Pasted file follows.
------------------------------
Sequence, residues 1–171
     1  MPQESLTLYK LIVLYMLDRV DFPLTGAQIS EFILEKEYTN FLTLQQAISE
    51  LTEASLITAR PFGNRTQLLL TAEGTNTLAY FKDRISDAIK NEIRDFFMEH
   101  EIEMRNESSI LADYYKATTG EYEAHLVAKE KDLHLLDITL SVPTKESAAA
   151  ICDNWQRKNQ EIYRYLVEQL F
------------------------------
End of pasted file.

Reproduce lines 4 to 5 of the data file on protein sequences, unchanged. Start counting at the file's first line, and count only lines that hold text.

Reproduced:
   101  EIEMRNESSI LADYYKATTG EYEAHLVAKE KDLHLLDITL SVPTKESAAA
   151  ICDNWQRKNQ EIYRYLVEQL F